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Indicator and method
8109333 Indicator and method
Patent Drawings:Drawing: 8109333-2    Drawing: 8109333-3    Drawing: 8109333-4    
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Inventor: Yee
Date Issued: February 7, 2012
Application: 12/437,305
Filed: May 7, 2009
Inventors: Yee; Chee Kong (Cypress, TX)
Assignee: Baker Hughes Incorporated (Houston, TX)
Primary Examiner: Wright; Giovanna
Assistant Examiner:
Attorney Or Agent: Cantor Colburn LLP
U.S. Class: 166/255.1; 166/113; 166/64
Field Of Search: 166/255.1; 166/113; 166/64
International Class: E21B 23/03; E21B 47/09
U.S Patent Documents:
Foreign Patent Documents:
Other References: "linEXX System Achieves World's First Commercial Monobore Expandable Liner Extension," [online]; [retrieved Jun. 7, 2010]; retrieved from theInternet http://www.bakerhughesdirect.com/cgi/bhi/resources/ExternalFileH- andler.jsp?bookmarkable=Yes&path=private/BHI/public/bakerhughes/resources/- indepth/13.no1.2007.sub.--contents.html. cited by other.









Abstract: An indicator comprising a band having a first radial dimension; one or more protectors having a greater radial dimension and disposed sufficiently proximate the band to substantially avoid wear of the band during running of the indicator and method.
Claim: The invention claimed is:

1. An indicator comprising: a band having a first radial dimension; one or more protectors having a greater radial dimension when the indicator is not engaged, the oneor more protectors disposed sufficiently proximate the band to substantially avoid wear of the band during running of the indicator.

2. The indicator as claimed in claim 1 wherein the band includes a pair of opposing edges each having an angle of up to about 80 degrees.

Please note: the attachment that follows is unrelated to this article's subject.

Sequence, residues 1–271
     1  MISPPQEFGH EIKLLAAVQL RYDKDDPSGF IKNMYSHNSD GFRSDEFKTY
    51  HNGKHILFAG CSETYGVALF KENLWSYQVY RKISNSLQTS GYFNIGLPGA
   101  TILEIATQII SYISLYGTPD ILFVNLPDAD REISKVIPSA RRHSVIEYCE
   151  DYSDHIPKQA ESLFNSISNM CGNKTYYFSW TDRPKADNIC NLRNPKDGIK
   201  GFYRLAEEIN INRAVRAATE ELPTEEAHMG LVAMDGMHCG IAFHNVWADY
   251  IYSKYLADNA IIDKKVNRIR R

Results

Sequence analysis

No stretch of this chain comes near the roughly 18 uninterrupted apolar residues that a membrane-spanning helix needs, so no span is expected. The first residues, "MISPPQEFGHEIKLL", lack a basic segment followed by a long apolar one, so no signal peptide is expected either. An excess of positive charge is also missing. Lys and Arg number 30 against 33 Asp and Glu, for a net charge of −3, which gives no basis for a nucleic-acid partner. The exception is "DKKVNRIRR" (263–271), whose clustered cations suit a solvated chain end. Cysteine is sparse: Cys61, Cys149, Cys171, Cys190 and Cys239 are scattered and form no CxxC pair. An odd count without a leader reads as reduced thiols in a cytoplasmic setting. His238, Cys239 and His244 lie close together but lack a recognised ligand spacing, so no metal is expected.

3. The indicator as claimed in claim 2 wherein the one or more protectors include a surface having an angle that is less than an angle of at least one of the edges of the band.

4. The indicator as claimed in claim 1 wherein the one or more protectors include a surface having an angle from about 15 degrees to about 30 degrees.

5. The indicator as claimed in claim 1 wherein the indicator includes a carrier.

6. The indicator as claimed in claim 5 wherein carrier is in the form of a collet.

7. The indicator as claimed in claim 5 wherein the carrier includes one or more kerfs.

8. The indicator as claimed in claim 7 wherein the one or more kerfs extend to one end of the indicator.

9. The indicator as claimed in claim 7 wherein the one or more kerfs are bounded at both ends of the indicator.

10. The indicator as claimed in claim 1 wherein the one or more protectors greater radial dimension is about 20 to about 60 thousandths of an inch.

11. The indicator as claimed in claim 1 wherein the greater radial dimension is about 20 thousandths of an inch.

12. A method for indicating landing of an indicator at a selected location comprising: running the indicator as claimed in claim 1; observing change in weight on a string connected to the indicator.

13. A method as claimed in claim 12, the method further comprising snapping the band into a profile; bearing weight on the profile; transmitting the weight borne to the string and to an operator.
Description: BACKGROUND

In subterranean drilling and completion arts there is commonly need to provide feedback to an operator of conditions downhole. For example, it is often helpful if not necessary to know when a string reaches a selected location for a number ofreasons associated with downhole operations. One such situation is to determine when the string has reached a selected position downhole in order to begin another operation such as a liner expansion. Beginning a liner expansion too shallowly or toodeep relative to the selected depth tends to produce results in the completion that are less desirable and may have to be corrected thereby costing money and time.